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Physician practices in states with legalized medical marijuana or recreational marijuana need to consider how to draft policies detailing physician usage.
Although still illegal under federal law, more states continue to decriminalize cannabis use across the country. As a result, employers are struggling with how to handle cannabis use by employees. This is particularly true in the healthcare industry, where physicians’ performance may be compromised - and patients’ lives put at risk - by the use of cannabis.
Currently, many physician practices completely prohibit the use of all drugs for physicians. Most of my practice clients require drug tests on new hires and conduct random testing thereafter. Whether this is permitted can be dictated by state laws, which should always be checked. However, because the use of cannabis is now legally permitted on physicians’ own time in many states, physician practices are struggling with whether they should modify existing policies that prohibit the use of any drugs and how to handle cannabis used on physicians’ own time.
Hospitals are also facing a similar dilemma as physicians may test positive for cannabis use, whether medical or recreational, or fail random tests thereafter. Although the typical hospital protocol is to refer physicians who test positive to state physician health programs, the result of such an act can cause physicians to lose their job, face mandatory rehabilitation and potentially impact their medical license.
Unfortunately, there are no national guidelines yet on how cannabis use is best addressed by medical practices or hospitals and whether such use should differ from other types of drug use. Physician practices and hospitals therefore need to be very careful about cannabis use, even if such use is legally permitted in their state.
When my practice clients ask me how to handle physicians use of cannabis, here is what I advise them to consider:
Every state has its own laws regarding the use of cannabis. Physician practices should find out what laws apply in their state and be aware of any changes that may be occurring in the near future.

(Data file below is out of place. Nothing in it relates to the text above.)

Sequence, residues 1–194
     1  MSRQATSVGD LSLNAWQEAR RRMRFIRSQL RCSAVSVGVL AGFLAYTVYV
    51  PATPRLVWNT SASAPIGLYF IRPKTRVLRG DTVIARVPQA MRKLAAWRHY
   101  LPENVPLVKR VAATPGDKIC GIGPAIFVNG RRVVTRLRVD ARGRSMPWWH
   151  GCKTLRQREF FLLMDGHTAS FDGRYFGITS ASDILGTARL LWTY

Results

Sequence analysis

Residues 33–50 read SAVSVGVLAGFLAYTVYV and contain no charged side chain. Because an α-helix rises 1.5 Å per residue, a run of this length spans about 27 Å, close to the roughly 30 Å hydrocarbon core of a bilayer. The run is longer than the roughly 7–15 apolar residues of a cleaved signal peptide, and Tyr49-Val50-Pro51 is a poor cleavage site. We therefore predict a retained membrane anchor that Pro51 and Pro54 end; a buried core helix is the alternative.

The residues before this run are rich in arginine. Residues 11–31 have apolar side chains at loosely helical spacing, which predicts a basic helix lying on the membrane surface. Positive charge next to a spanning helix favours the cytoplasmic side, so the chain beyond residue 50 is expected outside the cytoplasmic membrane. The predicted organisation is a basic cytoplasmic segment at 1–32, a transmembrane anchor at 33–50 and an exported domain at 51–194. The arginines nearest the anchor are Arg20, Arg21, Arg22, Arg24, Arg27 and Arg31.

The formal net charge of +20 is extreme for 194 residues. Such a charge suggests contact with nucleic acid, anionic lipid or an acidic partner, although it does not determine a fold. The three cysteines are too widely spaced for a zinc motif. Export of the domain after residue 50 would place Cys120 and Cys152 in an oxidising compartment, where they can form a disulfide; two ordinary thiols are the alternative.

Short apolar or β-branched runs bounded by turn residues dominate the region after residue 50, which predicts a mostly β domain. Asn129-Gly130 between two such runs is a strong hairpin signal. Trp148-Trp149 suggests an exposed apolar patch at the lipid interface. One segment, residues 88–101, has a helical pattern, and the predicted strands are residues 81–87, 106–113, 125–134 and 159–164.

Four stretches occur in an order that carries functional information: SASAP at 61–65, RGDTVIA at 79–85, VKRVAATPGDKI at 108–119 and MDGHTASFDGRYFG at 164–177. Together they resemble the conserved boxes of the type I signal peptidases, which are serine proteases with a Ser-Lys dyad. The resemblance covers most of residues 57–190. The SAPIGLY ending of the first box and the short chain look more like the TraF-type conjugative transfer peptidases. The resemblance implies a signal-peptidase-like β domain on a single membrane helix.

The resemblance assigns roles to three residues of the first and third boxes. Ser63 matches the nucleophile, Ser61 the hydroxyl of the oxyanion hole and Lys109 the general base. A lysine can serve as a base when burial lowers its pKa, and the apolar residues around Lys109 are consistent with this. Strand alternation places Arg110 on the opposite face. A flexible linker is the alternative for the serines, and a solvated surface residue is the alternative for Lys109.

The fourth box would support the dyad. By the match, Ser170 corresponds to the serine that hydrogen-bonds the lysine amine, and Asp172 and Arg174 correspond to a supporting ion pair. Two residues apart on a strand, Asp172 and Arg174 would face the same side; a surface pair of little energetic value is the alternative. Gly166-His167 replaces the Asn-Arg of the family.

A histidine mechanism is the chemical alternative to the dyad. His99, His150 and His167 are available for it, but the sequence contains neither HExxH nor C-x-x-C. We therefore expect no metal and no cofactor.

In states that do allow the use of cannabis, the laws often specifically address protections for employers. The Illinois Cannabis Act is a good example of this. The Illinois law makes it clear that employers are not required to permit employees to be under the influence of or to use cannabis in the workplace under the Cannabis Act. This would also apply to physicians who are not in the workplace but are on call.
Like Illinois, many other states permit employers to take disciplinary action or terminate employees who violate employment or workplace drug policies. This means that employers do not need to change their view on drug use in the workplace simply because cannabis might be legal. Moreover, most states still allow employers to maintain policies on drug testing, consumption of drugs and even storage or use of marijuana in the workplace, as long as the policies are applied in a nondiscriminatory manner.
It is important to remember that unlike other drugs, employees may legally use cannabis on their own time and still test positive for cannabis in the workplace. The use of the drug outside the workplace can mean that employees fail their employer’s drug test.
Employers are also allowed under most state cannabis laws to discipline or terminate employees who reasonably appear to be impaired or under the influence of cannabis. The employer must typically have a good faith belief that the employee is impaired before taking action, so understanding and documenting the signs of impairment at work can be important. Training staff to recognize the signs of impairment is also key. Employers need to understand that terminating an employee for cannabis use without a reasonable belief (or any other actual evidence), can open the employer to liability.
Employers should make sure they are familiar with any requirements to provide reasonable accommodations to employees under state laws. For example, if practices have employees who have a legal right use to medical marijuana, how does this impact their policies?
Although many state laws do not require employers to make an accommodation for the use of medical marijuana, some states do allow patients diagnosed with specific medical conditions to possess and use medical marijuana. This is something employers must address in their policies with the guidance of legal counsel.
Of course, every practice must assess whether an accommodation can be made for medical use of cannabis (even outside work hours) if such use could impact job safety or performance.
It is essential for every employer to review changes in state law regarding the use of cannabis and whether such changes require the creation or modification of policies on cannabis use in the practice. Hopefully, more formal guidelines will become available regarding the use of cannabis by physicians and healthcare workers at either the state or federal level to assist in this process. Until then, seek advice of legal counsel in addressing your state laws and put together policies that will best protect the practice.
Ericka L. Adler, JD, LLM has practiced in the area of regulatory and transactional healthcare law for more than 20 years. She represents physicians and other healthcare providers across the country in their day-to-day legal needs, including contract negotiations, sale transactions, and complex joint ventures. She also works with providers on a wide variety of compliance issues such as Stark Law, Anti-Kickback Statute and HIPAA. Ericka has been writing for Physicians Practice since 2011.